Elizabeth is Missing, first published in 2014, was the first novel by Emma Healey. It became a Sunday Times bestseller, and won the Costa First Novel award. The book earned much critical acclaim - not least from the late, great Ruth Rendell. Rendell said, "I've never read anything quite like it", and this was not a double-edged choice of phrase. It really is a terrific novel.
I suppose you'd call it a mainstream work of fiction, but it's also, arguably, a crime novel. It's a story told in the first person by Maud, an elderly woman who is suffering memory loss. Maud lives in her own house, but her forgetfulness is starting to become a real cause of concern to her daughter, who overcomes many frustrations and treats her mother, at least for the vast majority of the time, with a good deal of kindness. But we also see how challenging it can be to cope with a loved one who is ageing in this way. The patience of a saint is sometimes required, and very few of us are saints.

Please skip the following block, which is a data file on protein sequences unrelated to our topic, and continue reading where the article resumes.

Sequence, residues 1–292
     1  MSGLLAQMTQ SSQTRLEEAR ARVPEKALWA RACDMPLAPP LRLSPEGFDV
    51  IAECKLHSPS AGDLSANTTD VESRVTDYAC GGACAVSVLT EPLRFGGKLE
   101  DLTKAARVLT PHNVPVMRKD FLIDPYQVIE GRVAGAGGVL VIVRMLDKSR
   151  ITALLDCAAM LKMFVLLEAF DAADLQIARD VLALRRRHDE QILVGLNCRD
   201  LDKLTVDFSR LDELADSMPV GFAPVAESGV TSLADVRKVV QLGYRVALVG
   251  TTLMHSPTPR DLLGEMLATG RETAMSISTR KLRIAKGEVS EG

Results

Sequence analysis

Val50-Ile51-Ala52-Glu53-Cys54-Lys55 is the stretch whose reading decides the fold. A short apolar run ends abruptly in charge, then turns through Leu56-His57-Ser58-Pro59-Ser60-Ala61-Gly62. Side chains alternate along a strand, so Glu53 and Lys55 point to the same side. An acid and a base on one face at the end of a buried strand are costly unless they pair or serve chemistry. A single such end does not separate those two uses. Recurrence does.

Maud has become concerned that her friend Elizabeth can't be found, but she can't get anyone to take her seriously. As she frets about Elizabeth's absence, her mind goes back to her youth, and the disappearance of her older sister. It seems that people suspected that her sister was murdered, and there is more than one possible culprit, but the mystery was never solved.
When I read this book, I didn't regard it first and foremost as a crime story. It's simply a great piece of writing about a wonderfully realised character and her life. At times I found it almost unbearably poignant. Suffice to say that it's one of the most impressive novels I've read in the past few years. I don't know how Emma Healey is going to surpass it, but I'll be fascinated to read her next book. She has tremendous talent.